Asleep at the Wheel: How Deregulation of the Bus Industry Could Get You Killed
Continued from previous page
While no management can legally require drivers to violate federal hours-of-service regulations, which requires 8 hours of rest for every 10 hours of driving, it does happen. Sometimes they get caught; more often not.
Impossible to Organize
Drivers could, of course, improve their lot and advance safety by joining a union. But small mom-and-pop businesses such as these have always defied organization.
ATU continues to represent workers at traditional OTR providers such as Greyhound and Peter Pan, as well as Greyhound’s own low-cost carrier, Bolt Bus. The Teamsters represent some MegaBus workers. Otherwise, virtually all other curbside operators are non-union.
Certainly, this was one of the goals of deregulation. The effect on this once-proud industry has been devastating. Non-union OTR drivers have been forced into the growing underclass of the American workforce.
Deregulation has had the desired effect on unionized operators as well. Greyhound, which has struggled to remain profitable since the 1980s, has abandoned many rural communities, where many people once depended on Greyhound as their only means to travel outside their area.
Deregulation has also made it much more difficult for our drivers to negotiate decent contracts. Adequate health insurance and retirement plans, not to mention pensions, are becoming a thing of the past.
Fatigue Causes Accidents
It’s not hard to see how these practices, the fruits of deregulation, lead to danger for drivers and passengers. With the spring and summer travel season about to kick into high gear, fixing these problems becomes more urgent.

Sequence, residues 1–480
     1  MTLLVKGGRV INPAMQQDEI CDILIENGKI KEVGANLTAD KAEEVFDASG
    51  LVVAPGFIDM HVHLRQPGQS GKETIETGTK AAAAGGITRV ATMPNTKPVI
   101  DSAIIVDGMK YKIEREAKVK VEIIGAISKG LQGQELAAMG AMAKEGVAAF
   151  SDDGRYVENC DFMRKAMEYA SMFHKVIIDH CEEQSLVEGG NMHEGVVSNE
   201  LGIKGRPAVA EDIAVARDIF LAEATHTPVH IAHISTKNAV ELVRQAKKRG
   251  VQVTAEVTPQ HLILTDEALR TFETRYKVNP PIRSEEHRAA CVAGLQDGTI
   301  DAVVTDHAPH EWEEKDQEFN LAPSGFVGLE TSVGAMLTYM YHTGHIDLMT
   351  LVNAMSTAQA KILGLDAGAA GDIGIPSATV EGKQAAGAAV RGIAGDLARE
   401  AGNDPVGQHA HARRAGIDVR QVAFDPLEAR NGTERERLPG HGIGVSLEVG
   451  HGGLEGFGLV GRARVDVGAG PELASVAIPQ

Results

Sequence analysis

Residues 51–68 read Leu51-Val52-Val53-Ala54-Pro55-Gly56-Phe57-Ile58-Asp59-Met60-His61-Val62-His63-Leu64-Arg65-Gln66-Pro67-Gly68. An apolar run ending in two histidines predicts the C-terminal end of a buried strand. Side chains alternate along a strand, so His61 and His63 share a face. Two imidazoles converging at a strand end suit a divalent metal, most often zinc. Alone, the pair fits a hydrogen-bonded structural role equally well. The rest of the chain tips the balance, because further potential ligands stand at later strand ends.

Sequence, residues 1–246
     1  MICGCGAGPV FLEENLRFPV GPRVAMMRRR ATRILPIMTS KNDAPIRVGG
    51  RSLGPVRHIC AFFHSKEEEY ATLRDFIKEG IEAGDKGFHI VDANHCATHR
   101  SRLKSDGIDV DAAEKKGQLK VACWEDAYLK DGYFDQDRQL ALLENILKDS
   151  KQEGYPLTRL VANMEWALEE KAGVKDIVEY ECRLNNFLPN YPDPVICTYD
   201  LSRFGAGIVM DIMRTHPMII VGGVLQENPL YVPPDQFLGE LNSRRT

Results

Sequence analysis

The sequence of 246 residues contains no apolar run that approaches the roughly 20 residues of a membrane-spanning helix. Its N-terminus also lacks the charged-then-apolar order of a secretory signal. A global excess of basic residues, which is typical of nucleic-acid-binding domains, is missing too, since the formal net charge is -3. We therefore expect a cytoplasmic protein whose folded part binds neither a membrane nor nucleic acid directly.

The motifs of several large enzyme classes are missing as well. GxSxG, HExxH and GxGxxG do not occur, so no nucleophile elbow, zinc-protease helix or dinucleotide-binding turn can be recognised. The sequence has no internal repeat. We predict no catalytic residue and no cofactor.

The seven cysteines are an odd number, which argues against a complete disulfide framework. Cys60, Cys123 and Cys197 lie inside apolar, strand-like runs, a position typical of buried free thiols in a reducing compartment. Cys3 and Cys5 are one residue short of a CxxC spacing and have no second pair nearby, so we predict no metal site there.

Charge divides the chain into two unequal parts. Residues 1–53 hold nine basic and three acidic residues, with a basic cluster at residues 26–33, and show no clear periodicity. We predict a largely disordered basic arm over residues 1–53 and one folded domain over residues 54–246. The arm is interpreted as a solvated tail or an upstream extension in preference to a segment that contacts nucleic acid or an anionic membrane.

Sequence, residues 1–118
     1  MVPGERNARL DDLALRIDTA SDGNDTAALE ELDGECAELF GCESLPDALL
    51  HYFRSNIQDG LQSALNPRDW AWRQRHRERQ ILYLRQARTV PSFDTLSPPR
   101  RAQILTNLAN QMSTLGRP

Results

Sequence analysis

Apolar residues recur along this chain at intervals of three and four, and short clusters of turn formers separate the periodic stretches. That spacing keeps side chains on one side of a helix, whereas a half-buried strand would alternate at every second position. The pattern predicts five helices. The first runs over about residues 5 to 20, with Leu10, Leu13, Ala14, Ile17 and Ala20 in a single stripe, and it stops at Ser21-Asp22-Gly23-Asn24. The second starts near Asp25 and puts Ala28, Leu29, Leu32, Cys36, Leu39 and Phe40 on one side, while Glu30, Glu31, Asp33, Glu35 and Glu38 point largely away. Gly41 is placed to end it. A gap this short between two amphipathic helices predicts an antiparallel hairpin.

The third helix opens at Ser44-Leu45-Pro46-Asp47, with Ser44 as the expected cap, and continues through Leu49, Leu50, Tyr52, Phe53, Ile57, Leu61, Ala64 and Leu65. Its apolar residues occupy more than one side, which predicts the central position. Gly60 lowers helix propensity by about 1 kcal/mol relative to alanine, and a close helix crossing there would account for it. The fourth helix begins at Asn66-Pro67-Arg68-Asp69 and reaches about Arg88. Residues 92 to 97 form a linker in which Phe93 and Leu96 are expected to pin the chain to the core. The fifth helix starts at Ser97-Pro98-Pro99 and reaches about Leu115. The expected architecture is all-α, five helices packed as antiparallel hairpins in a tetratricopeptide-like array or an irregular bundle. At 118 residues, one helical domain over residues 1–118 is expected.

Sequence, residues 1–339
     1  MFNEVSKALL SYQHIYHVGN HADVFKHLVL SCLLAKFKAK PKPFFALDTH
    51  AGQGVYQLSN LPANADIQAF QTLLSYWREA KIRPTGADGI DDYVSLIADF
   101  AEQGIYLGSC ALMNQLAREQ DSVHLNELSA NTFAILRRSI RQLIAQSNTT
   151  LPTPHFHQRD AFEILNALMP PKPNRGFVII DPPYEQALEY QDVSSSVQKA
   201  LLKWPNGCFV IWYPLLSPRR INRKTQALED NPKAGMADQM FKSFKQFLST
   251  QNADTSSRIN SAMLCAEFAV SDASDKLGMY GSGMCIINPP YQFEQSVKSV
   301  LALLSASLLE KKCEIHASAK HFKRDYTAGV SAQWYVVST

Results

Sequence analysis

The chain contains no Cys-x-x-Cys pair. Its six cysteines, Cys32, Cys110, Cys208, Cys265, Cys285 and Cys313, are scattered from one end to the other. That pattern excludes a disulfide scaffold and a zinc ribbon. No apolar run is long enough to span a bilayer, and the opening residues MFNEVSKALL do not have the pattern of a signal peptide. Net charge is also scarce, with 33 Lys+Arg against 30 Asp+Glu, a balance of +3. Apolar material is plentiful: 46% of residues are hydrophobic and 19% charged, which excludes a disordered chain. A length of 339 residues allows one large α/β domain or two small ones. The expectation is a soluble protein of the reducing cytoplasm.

While last year’s sting operations were needed, and did take some buses and drivers off the road, it’s just impossible for our underfunded state and federal agencies to ferret out very many of the outlaw operators. Discount interstate bus companies have operated below the radar of law enforcement for years, with little fear of detection.
And last year’s crackdown did nothing to address the real cause of these accidents, driver fatigue.
The National Transportation Safety Board estimates that 36 percent of bus crash fatalities over the past decade have been due to driver fatigue. It is the No. 1 cause of fatal accidents, far above road conditions (2 percent) or inattention (6 percent). The Board has put addressing driver fatigue on its “Most Wanted List of Safety Improvements.” See the ATU’s report on intercity bus accidents, Sudden Death Overtime .
Driver fatigue isn’t limited only to shoddy, curbside operations. Unregulated, it has spread like a disease throughout hundreds of intercity bus companies that get away with paying their drivers criminally low wages – some starting as low as $14.00 per hour and a top rate of $23.00 - forcing them to work around the clock to make ends meet.
Bus safety has gotten the attention of Congress, which is considering the Motorcoach Enhanced Safety Act. The bill would mandate seat belts, stronger bus windows and roofs, and stability-enhancing technology to prevent rollovers.
While well-intentioned, the legislation does nothing to stop drivers from getting behind the wheel with little or no sleep. If the driver of a 40,000-pound vehicle traveling at highway speeds falls asleep at the wheel and crashes into a bridge or flips into a ditch, the lives of passengers will be in grave danger even if they are strapped into a vehicle as strong as a tank.
Sweatshops on Wheels
Congress and the administration need to acknowledge that through deregulation, the government has created a framework for the bus industry to operate sweatshops on wheels. They can begin to clean up the intercity bus industry by lifting the overtime-pay exemption so drivers are fairly compensated for working past 40 hours. They will be less inclined to work second jobs and push their bodies beyond safe limits. The Driver Fatigue Prevention Act, sponsored by Senator Charles Schumer of New York, would repeal the exemption.